by Labor for Bernie 2016
After SEIU’s endorsement of Clinton…
Sanders’ supporters call on leaders to recognize and respect differences of opinion within the union
A significant number of SEIU local union leaders, stewards and activists waged a valiant campaign to stop an early endorsement of Hillary Clinton for president by the union’s International Executive Board (IEB).
Members created a Facebook page, initiated a petition campaign, spoke out at union meetings and with the press, wrote letters and made calls to top union officers.
SEIU Local 560 in New Hampshire endorsed Bernie Sanders, while SEIU’s largest affiliate, 1199 (United Health Care East), Local 503 (Oregon public employees) and Local 509 (Massachusetts social service workers) all passed resolutions calling for no endorsement.
However, despite our best efforts, SEIU endorsed Clinton on Nov. 17, 2015. The IEB undoubtedly believed it was in the best interests of the membership. Days later, in a major repudiation of the IEB’s Clinton endorsement, SEIU Local 1984 in New Hampshire voted to endorse Sanders after thorough membership engagement, debate and discussion.
SEIU’s decision to endorse Clinton is short-sighted and unprincipled. It is based on a failed strategy of engaging in purely “transactional” politics with corporate liberals. That’s why members who support Bernie Sanders are so understandably frustrated. Many feel that SEIU’s endorsement process was insufficiently responsive to rank-and-file sentiment. Some are threatening to stop their voluntary contributions to SEIU political action funds.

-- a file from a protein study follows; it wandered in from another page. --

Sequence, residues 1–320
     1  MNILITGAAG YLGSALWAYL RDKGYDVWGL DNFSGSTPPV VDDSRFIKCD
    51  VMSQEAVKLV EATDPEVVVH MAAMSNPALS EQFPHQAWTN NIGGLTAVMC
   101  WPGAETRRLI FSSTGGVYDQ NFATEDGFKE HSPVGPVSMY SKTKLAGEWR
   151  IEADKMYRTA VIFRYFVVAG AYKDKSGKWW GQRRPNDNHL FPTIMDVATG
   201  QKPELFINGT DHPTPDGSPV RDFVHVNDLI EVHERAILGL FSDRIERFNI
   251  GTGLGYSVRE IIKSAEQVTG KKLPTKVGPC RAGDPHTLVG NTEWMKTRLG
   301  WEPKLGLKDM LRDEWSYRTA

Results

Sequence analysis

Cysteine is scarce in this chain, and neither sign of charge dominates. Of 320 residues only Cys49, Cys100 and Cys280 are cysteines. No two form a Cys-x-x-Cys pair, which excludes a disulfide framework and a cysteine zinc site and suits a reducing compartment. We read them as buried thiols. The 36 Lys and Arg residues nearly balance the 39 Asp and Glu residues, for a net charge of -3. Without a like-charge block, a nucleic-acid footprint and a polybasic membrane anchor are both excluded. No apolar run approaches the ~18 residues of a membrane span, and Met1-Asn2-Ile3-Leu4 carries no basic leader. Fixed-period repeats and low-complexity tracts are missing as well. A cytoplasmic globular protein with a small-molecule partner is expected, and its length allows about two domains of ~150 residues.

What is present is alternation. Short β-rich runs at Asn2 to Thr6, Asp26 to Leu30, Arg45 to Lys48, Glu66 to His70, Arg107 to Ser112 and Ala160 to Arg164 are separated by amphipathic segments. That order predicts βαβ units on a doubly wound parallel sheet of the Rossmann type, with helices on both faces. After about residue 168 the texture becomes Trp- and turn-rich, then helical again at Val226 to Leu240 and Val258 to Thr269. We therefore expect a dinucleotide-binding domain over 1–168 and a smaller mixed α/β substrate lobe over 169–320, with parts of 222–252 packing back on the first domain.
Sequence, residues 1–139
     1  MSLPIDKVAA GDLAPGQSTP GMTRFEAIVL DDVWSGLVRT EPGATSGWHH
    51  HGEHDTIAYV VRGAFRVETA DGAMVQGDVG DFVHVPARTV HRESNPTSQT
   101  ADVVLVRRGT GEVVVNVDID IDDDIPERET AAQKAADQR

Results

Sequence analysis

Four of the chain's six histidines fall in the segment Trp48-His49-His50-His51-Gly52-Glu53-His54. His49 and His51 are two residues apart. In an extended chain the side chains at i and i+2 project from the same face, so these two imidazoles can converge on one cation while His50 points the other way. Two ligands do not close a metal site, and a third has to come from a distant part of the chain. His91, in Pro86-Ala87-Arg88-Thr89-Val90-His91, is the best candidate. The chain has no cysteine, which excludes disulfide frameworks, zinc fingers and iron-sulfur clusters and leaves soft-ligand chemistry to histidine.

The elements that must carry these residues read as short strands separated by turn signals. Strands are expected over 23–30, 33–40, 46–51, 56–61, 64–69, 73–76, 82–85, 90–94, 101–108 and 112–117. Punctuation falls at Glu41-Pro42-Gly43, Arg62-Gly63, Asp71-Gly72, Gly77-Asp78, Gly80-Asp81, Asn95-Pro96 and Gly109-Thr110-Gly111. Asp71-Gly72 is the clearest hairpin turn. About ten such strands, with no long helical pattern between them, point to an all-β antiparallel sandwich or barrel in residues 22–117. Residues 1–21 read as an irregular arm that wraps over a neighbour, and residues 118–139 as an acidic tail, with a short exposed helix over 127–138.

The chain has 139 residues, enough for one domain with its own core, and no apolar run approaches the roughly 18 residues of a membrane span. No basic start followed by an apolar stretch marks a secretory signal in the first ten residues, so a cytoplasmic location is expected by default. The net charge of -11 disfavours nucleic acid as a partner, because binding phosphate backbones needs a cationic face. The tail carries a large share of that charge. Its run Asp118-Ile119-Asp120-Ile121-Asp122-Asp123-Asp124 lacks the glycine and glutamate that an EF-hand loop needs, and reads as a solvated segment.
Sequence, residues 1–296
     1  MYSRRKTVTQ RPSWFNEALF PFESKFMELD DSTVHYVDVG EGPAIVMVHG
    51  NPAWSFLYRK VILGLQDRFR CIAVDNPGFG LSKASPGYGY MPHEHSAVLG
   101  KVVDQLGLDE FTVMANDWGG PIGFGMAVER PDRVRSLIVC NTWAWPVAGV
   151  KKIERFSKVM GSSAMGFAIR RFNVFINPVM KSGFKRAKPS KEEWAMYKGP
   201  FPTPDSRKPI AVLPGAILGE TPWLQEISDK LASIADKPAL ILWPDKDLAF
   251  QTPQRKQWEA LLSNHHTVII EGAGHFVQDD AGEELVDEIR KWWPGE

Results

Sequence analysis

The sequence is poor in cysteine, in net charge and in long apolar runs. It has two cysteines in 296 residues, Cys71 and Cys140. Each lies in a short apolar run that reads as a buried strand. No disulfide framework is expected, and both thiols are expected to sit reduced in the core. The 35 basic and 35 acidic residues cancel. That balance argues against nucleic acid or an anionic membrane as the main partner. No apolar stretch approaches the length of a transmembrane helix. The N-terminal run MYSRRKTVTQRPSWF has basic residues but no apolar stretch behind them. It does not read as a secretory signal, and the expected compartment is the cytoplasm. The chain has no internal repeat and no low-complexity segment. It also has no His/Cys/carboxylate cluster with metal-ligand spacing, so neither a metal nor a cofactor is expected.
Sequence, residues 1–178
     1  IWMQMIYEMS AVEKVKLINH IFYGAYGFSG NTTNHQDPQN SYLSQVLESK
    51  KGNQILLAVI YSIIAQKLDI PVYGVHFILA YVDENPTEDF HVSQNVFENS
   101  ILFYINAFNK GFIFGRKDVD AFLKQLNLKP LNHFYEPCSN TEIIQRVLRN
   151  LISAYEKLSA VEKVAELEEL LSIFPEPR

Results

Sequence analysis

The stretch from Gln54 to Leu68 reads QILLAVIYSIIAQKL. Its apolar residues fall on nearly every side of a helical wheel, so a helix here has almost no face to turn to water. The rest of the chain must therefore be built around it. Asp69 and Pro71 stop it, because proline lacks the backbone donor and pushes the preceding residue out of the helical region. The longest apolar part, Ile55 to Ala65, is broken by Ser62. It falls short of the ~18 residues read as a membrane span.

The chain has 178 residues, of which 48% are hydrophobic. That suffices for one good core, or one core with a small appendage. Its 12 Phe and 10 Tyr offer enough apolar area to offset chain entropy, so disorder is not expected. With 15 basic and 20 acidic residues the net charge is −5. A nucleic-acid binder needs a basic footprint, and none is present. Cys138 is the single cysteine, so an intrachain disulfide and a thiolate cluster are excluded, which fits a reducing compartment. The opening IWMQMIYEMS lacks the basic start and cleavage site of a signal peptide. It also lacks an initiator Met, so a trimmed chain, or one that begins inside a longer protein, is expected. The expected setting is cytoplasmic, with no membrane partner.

While many of us strongly disagree with the decision, we need to stay united and continue the fight for our shared objectives: the Fight for $15, immigration reform, reinstating Glass–Steagall and winning campaign finance reform.
Union members who support Sanders will undoubtedly continue to campaign for him in their communities on a volunteer basis. While respecting the union’s official endorsement, they should not be asked or required to work against him in the primaries by SEIU leaders and staff.
“While the national union may campaign for Clinton, we call on union leaders to respect those of us who have made up our minds to continue to support Bernie Sanders,” said Rand Wilson, a union staffer in Boston who supports Sanders. “We have a legitimate difference of opinion about which candidate will best advance our issues, but everyone should respect and tolerate those differences and stay united behind our shared objectives.”
SEIU’s Bernie supporters are part of a much larger movement of workers seeking to do more than just elect a better candidate. We are joining millions of Americans who have had enough with business as usual and are supporting Sanders’ broad call for a grassroots political revolution.
Labor for Bernie 2016 is a volunteer effort neither funded nor directed by the Sanders for President campaign. To join this grassroots mobilization, download useful organizing materials, or learn more about Bernie’s past and present support for workers and their unions, go to: http://www.laborforbernie.org